Eukaryotic protein domains as functional units of cellular evolution

Jing Jin, Xueying Xie, Chen Chen, Jin Gyoon Park, Chris Stark, D. Andrew James, Marina Olhovsky, Rune Linding, Yongyi Mao, Tony Pawson

Research output: Contribution to journalArticlepeer-review

104 Scopus citations


Modular protein domains are functional units that can be modified through the acquisition of new intrinsic activities or by the formation of novel domain combinations, thereby contributing to the evolution of proteins with new biological properties. Here, we assign proteins to groups with related domain compositions and functional properties, termed "domain clubs," which we use to compare multiple eukaryotic proteomes. This analysis shows that different domain types can take distinct evolutionary trajectories, which correlate with the conservation, gain, expansion, or decay of particular biological processes. Evolutionary jumps are associated with a domain that coordinately acquires a new intrinsic function and enters new domain clubs, thereby providing the modified domain with access to a new cellular microenvironment. We also coordinately analyzed the covalent and noncovalent interactions of different domain types to assess the molecular compartment occupied by each domain. This reveals that specific subsets of domains demarcate particular cellular processes, such as growth factor signaling, chromatin remodeling, apoptotic and inflammatory responses, or vesicular trafficking. We suggest that domains, and the proteins in which they reside, are selected during evolution through reciprocal interactions with protein domains in their local microenvironment. Based on this scheme, we propose a mechanism by which Tudor domains may have evolved to support different modes of epigenetic regulation and suggest a role for the germline group of mammalian Tudor domains in Piwiregulated RNA biology.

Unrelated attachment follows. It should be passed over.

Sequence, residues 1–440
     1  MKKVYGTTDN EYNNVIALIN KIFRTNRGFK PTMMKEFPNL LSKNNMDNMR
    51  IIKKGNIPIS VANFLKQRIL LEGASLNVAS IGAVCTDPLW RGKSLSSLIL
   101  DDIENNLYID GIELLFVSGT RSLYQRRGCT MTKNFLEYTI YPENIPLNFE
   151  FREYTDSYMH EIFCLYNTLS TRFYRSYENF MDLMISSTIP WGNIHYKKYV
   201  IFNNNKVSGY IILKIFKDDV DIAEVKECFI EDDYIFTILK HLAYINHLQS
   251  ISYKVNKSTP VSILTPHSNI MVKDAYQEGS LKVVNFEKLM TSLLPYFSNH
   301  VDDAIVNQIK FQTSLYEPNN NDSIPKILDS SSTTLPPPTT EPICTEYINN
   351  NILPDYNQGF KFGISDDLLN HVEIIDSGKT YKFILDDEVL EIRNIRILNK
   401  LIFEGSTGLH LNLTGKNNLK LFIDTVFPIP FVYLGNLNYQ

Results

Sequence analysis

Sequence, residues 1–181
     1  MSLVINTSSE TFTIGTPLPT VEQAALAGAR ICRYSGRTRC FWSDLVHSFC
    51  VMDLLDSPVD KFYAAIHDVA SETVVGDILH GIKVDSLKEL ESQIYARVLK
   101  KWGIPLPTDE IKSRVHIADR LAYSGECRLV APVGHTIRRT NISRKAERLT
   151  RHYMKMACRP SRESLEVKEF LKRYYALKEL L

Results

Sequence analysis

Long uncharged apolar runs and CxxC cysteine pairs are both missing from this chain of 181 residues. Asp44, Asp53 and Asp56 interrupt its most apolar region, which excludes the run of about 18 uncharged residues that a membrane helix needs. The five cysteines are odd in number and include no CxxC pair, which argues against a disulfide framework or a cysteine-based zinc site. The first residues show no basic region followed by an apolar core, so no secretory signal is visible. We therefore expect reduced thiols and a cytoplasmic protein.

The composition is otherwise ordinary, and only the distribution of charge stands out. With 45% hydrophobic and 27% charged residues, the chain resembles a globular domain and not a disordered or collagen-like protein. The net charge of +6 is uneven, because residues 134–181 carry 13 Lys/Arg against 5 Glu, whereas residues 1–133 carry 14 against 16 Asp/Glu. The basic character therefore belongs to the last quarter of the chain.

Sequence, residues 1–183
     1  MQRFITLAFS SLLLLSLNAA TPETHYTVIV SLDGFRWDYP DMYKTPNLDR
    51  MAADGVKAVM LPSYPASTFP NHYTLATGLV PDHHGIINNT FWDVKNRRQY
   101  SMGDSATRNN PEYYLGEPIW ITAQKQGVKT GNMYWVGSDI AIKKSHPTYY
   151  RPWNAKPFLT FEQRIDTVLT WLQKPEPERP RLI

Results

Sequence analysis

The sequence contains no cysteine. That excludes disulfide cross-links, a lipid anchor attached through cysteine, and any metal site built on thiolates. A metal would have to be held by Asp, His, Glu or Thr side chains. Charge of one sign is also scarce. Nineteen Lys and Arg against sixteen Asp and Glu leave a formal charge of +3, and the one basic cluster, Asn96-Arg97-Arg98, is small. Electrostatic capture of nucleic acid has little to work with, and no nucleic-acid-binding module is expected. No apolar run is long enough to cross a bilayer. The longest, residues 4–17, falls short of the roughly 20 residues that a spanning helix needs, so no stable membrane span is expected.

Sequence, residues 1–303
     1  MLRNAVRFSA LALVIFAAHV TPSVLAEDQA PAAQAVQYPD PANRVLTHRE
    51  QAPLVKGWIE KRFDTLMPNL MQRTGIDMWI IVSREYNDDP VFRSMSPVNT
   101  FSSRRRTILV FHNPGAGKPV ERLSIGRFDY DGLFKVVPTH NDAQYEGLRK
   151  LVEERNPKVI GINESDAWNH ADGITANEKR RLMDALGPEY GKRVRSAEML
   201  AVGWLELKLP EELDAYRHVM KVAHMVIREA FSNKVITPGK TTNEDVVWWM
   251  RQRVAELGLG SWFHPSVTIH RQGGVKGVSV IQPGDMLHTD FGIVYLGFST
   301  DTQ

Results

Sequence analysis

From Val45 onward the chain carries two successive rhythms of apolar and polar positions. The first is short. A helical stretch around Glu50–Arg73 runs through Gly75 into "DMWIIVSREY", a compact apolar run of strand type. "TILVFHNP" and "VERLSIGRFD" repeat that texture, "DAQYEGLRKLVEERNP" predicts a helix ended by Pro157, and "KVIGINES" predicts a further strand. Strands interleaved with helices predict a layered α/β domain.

Original languageEnglish (US)
Pages (from-to)ra76
JournalScience Signaling
Issue number98
StatePublished - Nov 24 2009
Externally publishedYes

ASJC Scopus subject areas

  • Biochemistry
  • Molecular Biology
  • Cell Biology


Dive into the research topics of 'Eukaryotic protein domains as functional units of cellular evolution'. Together they form a unique fingerprint.

Cite this